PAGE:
Jamaica is once again the talk of the town as the Jamaica Paralympic Association (JPA) has received the prestigious international Paul Harris Fellow Award for its outstanding and sustained work with disabled athletes, who have won medals at Paralympic Games over the years.
JPA President Christopher Samuda accepted the award during a recent meeting of the Rotary Club of St Andrew North. The event was witnessed by JPA General Secretary Suzanne Harris-Henry and director Dr Rory by Dixon.
Samuda, who is also President of the Jamaica Olympic Association (JOA), identified both the JPA and JOA as instruments of change and transformation in sport. “I am cognizant of the revealing fact that we must bring to sport the game of life – change, real change that will lead to transformation,” said Samuda.
Samuda noted that the process of change must involve stakeholder education and stakeholder consensus and activation. “It must involve informed and decision-making processes across the board. Integrity of thought, transparency in action, accountability and the implementation of a viable national strategic and business plan,” he added. He said sports ethics and sport governance are ways to ensure that the right people are in the right jobs, while sport theology is a way to ensure that the right people understand and embrace the right way of doing what is right.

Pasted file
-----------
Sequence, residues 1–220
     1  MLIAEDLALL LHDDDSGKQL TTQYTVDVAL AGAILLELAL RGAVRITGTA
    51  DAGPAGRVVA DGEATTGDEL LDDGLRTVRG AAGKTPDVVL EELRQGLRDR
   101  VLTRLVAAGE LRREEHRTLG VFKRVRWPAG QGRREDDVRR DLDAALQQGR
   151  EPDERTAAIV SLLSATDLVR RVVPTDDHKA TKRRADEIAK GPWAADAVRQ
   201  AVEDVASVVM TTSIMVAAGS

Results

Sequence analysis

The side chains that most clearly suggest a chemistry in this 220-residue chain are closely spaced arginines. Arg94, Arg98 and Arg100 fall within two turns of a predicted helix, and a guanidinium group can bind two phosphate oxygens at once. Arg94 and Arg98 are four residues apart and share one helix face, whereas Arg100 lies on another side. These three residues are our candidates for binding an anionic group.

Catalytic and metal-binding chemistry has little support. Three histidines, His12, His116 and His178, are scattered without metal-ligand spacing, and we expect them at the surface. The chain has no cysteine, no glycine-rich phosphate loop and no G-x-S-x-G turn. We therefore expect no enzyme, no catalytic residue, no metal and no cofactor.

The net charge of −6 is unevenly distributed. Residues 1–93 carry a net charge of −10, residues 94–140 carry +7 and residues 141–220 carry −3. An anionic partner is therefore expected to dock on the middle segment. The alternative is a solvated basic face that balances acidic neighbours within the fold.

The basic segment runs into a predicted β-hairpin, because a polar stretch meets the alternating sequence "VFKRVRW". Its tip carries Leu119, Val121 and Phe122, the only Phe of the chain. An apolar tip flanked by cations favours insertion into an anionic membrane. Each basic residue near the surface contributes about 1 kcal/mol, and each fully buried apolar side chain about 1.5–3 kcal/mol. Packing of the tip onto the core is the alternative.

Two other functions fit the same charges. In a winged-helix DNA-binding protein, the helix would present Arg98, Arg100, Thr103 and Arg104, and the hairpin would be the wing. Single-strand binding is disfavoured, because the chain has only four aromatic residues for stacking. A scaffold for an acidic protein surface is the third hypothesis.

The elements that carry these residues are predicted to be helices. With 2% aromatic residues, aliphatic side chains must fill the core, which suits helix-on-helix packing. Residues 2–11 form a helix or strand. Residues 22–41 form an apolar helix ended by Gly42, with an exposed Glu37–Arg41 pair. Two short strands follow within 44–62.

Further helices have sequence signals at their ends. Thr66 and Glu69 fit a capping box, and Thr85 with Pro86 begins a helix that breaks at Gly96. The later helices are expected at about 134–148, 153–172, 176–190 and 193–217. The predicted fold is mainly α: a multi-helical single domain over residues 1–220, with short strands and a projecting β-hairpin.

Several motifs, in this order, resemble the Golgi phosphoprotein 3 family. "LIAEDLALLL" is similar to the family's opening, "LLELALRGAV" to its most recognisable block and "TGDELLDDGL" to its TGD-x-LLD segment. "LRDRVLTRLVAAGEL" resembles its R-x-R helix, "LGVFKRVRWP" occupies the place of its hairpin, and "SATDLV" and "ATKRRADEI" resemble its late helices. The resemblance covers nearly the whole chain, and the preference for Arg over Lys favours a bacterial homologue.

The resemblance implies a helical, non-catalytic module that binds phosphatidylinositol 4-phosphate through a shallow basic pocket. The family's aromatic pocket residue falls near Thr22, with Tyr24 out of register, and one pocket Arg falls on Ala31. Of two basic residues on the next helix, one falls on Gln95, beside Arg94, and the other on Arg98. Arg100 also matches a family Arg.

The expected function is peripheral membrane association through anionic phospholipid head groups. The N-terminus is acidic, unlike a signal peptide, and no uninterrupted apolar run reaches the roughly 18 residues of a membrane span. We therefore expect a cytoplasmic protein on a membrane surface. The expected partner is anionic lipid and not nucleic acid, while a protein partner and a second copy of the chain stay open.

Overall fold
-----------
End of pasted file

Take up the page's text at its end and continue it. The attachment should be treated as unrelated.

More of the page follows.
Paul Harris Fellow recognition is named for Paul Harris, who founded Rotary with three business associates in Chicago in 1905. The Paul Harris Fellow was established in his honour in 1957 to express appreciation for a contribution US$1,000 to the humanitarian and educational programs of The Rotary Foundation.